They have gathered information about financial crimes carried out by Yanukovych, his relatives and cronies. And they are asking the US and the EU to take legal action against them in accordance with their domestic statutes. They translated their information into English and posted it on a website (, and ask that Western governments freeze their accounts and stop providing financial services to their shell companies.

What Ukraine’s protesters’ actions show is that they understand that when you are dealing with an authoritarian regime – particularly one supported by Putin’s authoritarian regime – it is not enough for a nation to seek democracy and independence. Outside help is also necessary.

So far, however, aside from throwing out a few angry condemnations of Yanukovych’s assaults on the protesters, neither the US nor the EU has done anything to indicate that it cares whether or not the Ukrainians live freely or under the Russian jackboot.

Russia, on the other hand, has been actively promoting its interests. And as a result, just as American passivity in the face of Iran’s Green Revolution in 2009 empowered the regime to pound the Iranian people into submission, so today, American and European passivity in the Ukraine is tantamount to support for Putin.

The same of course is the case in Iraq, where between 2003 and 2012, 4,500 US troops paid the ultimate price to bring freedom to the Iraqi people.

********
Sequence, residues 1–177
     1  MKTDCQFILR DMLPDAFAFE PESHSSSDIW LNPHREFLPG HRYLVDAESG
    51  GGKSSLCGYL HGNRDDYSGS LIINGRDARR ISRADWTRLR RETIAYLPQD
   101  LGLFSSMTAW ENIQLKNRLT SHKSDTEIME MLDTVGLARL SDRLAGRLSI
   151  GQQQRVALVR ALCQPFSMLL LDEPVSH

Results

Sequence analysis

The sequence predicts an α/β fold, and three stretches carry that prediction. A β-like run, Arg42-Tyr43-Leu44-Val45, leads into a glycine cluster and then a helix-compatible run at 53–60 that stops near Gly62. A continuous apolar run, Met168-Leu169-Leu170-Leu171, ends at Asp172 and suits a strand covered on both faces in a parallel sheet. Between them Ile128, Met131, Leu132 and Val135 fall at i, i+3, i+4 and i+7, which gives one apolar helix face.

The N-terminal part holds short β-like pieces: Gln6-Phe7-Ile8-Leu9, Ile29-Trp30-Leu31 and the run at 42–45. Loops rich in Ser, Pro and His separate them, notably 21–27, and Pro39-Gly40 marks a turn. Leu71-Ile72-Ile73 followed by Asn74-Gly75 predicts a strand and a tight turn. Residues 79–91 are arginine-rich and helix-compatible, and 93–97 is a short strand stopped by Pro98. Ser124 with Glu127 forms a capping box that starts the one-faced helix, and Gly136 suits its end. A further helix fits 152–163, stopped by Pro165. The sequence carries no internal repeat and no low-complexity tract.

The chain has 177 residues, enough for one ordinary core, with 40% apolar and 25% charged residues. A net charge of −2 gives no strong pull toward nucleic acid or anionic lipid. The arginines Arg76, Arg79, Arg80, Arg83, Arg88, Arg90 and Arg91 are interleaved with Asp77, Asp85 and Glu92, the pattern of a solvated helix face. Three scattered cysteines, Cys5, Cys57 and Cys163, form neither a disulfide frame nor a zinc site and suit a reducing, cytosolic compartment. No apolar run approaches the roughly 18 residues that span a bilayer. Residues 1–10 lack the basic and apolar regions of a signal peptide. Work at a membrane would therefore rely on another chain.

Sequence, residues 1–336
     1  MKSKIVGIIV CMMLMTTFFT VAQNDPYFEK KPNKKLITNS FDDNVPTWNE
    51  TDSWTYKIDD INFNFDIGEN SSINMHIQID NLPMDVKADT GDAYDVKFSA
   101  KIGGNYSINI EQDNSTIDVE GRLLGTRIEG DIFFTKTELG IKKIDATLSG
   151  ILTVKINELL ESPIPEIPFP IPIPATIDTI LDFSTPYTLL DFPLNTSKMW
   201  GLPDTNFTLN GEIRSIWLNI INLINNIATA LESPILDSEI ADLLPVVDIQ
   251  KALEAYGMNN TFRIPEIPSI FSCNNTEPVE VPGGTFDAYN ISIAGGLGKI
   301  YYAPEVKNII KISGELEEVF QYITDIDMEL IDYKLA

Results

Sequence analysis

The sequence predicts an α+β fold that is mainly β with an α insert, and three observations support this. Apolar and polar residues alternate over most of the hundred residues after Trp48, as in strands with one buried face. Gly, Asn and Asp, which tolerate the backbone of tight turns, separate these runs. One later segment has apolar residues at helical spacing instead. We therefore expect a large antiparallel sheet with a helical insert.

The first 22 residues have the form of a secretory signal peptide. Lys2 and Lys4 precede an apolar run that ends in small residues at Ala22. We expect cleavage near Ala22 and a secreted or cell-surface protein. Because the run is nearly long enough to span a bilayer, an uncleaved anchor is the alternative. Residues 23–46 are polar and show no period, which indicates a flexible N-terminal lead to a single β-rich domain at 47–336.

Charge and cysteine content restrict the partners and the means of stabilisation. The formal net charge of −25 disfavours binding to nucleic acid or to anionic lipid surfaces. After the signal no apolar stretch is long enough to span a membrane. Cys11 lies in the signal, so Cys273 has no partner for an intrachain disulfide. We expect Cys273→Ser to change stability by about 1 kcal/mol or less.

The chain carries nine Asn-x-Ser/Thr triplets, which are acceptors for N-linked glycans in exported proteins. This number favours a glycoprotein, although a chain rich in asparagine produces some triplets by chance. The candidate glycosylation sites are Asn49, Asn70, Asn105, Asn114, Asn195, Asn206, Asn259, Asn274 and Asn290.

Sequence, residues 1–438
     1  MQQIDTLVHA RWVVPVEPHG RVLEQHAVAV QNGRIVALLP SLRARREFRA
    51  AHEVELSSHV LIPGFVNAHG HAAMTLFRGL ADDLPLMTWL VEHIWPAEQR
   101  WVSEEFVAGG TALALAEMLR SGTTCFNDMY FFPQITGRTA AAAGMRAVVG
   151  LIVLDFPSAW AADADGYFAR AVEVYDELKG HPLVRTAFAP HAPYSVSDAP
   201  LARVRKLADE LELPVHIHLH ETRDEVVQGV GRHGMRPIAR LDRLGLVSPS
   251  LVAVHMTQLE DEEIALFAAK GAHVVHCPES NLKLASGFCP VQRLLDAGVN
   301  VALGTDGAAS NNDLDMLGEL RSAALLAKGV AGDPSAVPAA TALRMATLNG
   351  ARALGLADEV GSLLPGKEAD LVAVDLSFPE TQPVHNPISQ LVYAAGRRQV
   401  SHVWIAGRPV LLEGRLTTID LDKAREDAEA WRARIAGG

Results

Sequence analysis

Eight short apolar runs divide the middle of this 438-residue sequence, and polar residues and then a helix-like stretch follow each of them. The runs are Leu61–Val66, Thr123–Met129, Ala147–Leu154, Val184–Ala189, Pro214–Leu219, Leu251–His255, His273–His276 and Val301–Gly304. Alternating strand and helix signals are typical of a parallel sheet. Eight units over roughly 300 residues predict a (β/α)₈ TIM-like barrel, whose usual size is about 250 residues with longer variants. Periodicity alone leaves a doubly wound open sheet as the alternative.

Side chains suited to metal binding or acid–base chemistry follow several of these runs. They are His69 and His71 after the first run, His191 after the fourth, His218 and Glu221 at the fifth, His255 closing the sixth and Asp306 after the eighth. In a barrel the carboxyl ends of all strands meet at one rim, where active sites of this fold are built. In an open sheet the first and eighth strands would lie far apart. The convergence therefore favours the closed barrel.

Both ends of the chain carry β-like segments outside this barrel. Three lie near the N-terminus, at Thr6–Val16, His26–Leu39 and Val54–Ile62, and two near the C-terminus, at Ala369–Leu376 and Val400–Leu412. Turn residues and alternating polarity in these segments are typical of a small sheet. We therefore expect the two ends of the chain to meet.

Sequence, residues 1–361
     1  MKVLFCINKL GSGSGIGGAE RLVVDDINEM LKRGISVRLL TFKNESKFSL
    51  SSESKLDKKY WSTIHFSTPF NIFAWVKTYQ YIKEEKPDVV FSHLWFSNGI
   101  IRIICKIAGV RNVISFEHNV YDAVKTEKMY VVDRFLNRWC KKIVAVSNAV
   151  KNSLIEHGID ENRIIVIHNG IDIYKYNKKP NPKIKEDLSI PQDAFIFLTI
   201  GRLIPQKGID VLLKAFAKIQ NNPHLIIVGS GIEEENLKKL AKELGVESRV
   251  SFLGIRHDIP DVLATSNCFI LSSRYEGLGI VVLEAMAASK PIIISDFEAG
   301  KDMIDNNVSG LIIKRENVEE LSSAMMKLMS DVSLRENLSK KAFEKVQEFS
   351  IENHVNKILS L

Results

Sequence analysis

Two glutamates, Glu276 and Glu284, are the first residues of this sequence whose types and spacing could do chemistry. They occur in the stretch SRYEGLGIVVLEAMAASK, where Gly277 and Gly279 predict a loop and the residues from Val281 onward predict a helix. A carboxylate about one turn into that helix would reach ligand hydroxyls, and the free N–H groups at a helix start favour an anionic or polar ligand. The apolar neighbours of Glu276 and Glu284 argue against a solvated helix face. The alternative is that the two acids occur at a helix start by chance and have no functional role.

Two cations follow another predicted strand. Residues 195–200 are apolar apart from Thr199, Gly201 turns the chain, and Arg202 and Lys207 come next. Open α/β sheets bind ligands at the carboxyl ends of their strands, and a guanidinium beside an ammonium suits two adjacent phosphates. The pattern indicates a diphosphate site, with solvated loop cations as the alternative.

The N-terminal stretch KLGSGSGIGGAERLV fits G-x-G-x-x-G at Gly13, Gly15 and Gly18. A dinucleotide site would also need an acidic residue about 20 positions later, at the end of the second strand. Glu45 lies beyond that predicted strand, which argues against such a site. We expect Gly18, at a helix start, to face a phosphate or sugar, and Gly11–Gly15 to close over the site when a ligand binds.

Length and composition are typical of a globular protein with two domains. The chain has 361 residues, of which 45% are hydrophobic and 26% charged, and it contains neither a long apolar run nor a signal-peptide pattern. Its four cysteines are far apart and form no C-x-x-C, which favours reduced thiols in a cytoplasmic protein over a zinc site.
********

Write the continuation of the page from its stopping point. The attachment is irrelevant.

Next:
On Christmas Day this week, 38 Christians were massacred in two separate bombings in Baghdad. Their deaths are just the latest in a nearly uninterrupted record of persecution and massacre of Iraq’s Christian minority since the US overthrew Saddam Hussein’s regime in 2003. At the time of the US-led invasion, there were some 1.4 million Christians in Iraq. Today only 500,000 remain. The rest have fled the country to avoid the fate of the Christmas worshipers on Wednesday.

The Christians are of course not the only ones targeted in Iraq. Since President Barack Obama pulled all US forces out of Iraq in what he claimed was a “responsible end” of the war, Iraq has descended into sectarian warfare.

Al-Qaida forces are resurgent. According to the State Department they are gaining control over territory in western Iraq as well as on the Syrian side of the border.

Since the beginning of 2013, 8,000 Iraqis have been killed. Seven thousand of them were civilians.

Iraq is an example of a country that lacks both preconditions for democracy. From the perspective of outside support, under Obama the US is unwilling to take the basic steps necessary to prevent al-Qaida from taking over Iraqi territory.

This month, the White House rushed some primitive drones and missiles to the Iraqi government to fight al-Qaida. But in an interview with The New York Times, Michael Knights, an expert on Iraqi security issues from the Washington Institute for Near East Policy, explained that the US assistance is grossly insufficient.

At a minimum, he advised, the US needs to begin carrying out Predator drone attacks against al-Qaida forces in Iraq – and in Syria – in the same manner it carries out such attacks against al-Qaida throughout the region. As Knights explained, “There is one place in the world where al-Qaida can run a major affiliate without fear of a US drone or air attack, and that is in Iraq and Syria.”